Lets take the case of my beloved baseball team, the Mariners. When Safeco Field was built to the tune of $517 million, the Mariners, whom the facility was built for, chipped in $100 million. However, $40 million of their $100 million was paid for by naming rights. On could argue that since the Mariners don't own Safeco Field, were the naming rights ever really theirs to sale? It didn't matter. Unless you wanted the M's to move to Tampa Bay, those were the terms that would be agreed to. Its also worth noting that the M's get all parking, concessions and advertising revenue, and even keep all rents from other events. In exchange for all this, the M's give the Stadium Authority--the actual owners of the stadium--$700,000 a year in rent.
Of course, all this came before the lease on the Kingdome was up. And, while the Kingdome was definitely an ugly facility, it was a functional facility that could still be in use today and spared taxpayers hundreds of millions. Owners would argue that they couldn't make a profit there without luxury boxes and restaurants. However, if owners are having trouble making profits shouldn't they be asking if the market can really support the salaries that they are giving players rather then strong-arming fans who are making them rich in the first place?
The Sonics case is even more curious than that of the Mariners. The fans have supported the team for 42 years. Less than 15 years ago, the taxpayers of Seattle built what NBA commissioner David Stern called at the time a "state of the art arena". They made it about ten years through their lease before they were already demanding another one. Ten years. Is that the current lifespan on sports facilities? Oh, and nobody argues that Key Arena is a great basketball arena. It even has luxury boxes. But it doesn't have restaurants and square footage for stores. When the hell did basketball become about restaurants and stores?
Not to mention the team was bought under fraudulent pretences by a maverick owner with hell-bent intentions to move the team regardless. And there is reasonable evidence to suggest that the Commish, who is not aging gracefully (see the bungled moves of the Charlotte Hornets and Vancouver Grizzlies--both of whom were doing dramatically better in the cities they moved from), was in cahoots with his good buddy to get him a team in OKC at any cost.
And speaking of markets, would the market dictate that you move a team from Seattle, a major TV markets with tons of money and lots of millionaires, to a mid-sized city such as Oklahoma City? Moving from Vancouver to Memphis was bungled; this could be a disaster.
Oh, and I sympathize with OKC. I have always wanted Portland to have an MLB team. But not like this. I want our own expansion team that we can embrace as our own. Not someone else's pilfered heritage.
Why is congress investigating steroids, but not this? I know that threats of stripping some antitrust exemptions would be a good place to start.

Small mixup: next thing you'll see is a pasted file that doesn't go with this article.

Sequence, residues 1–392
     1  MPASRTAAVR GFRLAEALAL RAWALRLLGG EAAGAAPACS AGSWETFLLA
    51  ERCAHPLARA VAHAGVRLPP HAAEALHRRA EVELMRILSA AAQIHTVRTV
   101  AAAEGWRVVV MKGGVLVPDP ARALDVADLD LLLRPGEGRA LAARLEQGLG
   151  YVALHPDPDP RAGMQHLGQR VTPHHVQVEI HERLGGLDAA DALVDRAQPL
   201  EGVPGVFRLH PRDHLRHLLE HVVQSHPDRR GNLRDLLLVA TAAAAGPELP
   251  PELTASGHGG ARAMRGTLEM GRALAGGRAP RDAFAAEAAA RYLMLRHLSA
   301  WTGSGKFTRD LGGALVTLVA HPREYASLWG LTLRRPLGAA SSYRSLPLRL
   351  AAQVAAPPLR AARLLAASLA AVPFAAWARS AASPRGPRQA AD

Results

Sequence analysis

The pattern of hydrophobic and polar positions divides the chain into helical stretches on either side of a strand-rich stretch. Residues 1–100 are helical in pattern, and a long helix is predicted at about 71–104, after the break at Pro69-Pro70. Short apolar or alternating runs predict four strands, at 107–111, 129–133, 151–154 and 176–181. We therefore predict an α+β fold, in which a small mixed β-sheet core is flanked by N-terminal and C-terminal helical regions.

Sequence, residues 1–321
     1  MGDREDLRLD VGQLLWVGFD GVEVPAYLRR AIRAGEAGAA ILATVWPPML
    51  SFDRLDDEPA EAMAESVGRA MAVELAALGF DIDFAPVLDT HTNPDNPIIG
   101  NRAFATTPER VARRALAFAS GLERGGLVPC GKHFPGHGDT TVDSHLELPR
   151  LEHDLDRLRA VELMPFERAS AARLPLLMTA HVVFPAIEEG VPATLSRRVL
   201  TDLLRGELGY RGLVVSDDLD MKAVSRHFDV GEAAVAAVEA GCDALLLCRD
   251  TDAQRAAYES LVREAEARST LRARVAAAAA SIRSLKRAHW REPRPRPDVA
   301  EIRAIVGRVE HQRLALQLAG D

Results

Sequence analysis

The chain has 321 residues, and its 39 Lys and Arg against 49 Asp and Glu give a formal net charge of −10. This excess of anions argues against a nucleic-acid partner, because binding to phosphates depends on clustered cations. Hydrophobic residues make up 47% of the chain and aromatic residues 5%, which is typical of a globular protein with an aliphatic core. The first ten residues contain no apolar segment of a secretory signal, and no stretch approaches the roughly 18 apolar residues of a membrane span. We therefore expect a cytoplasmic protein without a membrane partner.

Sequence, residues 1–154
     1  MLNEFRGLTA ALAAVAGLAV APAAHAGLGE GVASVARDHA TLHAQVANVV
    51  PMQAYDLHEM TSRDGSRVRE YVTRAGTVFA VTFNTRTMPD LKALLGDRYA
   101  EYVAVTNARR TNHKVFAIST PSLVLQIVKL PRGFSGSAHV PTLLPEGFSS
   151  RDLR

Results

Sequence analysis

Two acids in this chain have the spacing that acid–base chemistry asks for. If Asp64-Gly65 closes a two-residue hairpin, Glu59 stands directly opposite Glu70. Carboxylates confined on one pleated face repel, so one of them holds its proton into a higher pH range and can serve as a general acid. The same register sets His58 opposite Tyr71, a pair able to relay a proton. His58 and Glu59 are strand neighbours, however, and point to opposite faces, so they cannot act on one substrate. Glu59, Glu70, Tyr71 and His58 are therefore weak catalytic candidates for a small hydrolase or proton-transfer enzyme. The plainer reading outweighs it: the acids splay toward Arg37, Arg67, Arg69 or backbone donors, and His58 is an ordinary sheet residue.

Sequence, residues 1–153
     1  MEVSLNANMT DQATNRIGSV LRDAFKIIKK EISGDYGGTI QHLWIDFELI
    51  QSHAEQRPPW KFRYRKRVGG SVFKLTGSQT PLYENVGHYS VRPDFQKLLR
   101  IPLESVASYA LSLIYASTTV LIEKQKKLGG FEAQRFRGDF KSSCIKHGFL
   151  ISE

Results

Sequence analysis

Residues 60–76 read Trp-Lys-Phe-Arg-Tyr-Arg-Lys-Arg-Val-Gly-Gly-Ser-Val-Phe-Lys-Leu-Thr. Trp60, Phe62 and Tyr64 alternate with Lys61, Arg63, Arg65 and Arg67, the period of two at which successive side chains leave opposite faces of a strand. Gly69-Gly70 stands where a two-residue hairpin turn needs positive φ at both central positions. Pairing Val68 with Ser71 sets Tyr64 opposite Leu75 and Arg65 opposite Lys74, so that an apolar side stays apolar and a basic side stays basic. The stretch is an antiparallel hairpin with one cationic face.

Now, we have allowed this to happen. But it is time to fight back.
Owners may own the teams legally, but we have earned them. Our time, our money, our emotions have given us a stake in the team. We are the team's soul. And say what you want about legal obligations, but owners have a moral obligation to the cities that have supported them and made them rich. You may own the deed to the Sonics, but Seattle owns their soul. And while you may have the legal right, you don't have the moral right to take that away from them.
Now, Seattle is putting up a hell of a fight. The city is not going to let them out of their lease. The city is suing the team. The fans are suing the team. The former owner is suing the new owners for fraud. All the while, local ownership groups have formed and plans for a new facility are in place. The NBA is looking bad, and they are running out of excuses.
And we should all support them. Maybe there doesn't seem like there is a lot we can do. But we can continue to make this an issue. We can devote our blog space to it. We can write our papers. And let our voices be heard. Pro owners have forgotten whom they work for--who writes their checks--and it is time to remind them. After all, this could be your team in the not too distant future. Buffalo Bills. Florida Marlins. Tampa Bay Rays. If you're not there now, who will be there to fight for you? Even those of you who think you are safe--how long until your team wants a new building again?
The owners also need to beware. They take for granted that we will always be there. But, if the NBA leaves Seattle, why should Seattle care about the NBA anymore? Why should Vancouver care? Or San Diego? Or Buffalo? Or the other cities that the NBA has abandoned? Some of these cities hold out hopes for another franchise. But that franchise could just be flipped again. People will catch on. And they will realize its not worth the heartache. It won't happen just yet. But the seeds are being sown. After all, moving the Grizzlies after six years is one thing. Moving a team after 42 is something different altogether. If the Sonics--42 years in Seattle playing in a 12-year old building--aren't safe, who is?
We may be small, but we are many.
Save our sports. Save our memories.
Save our Sonics.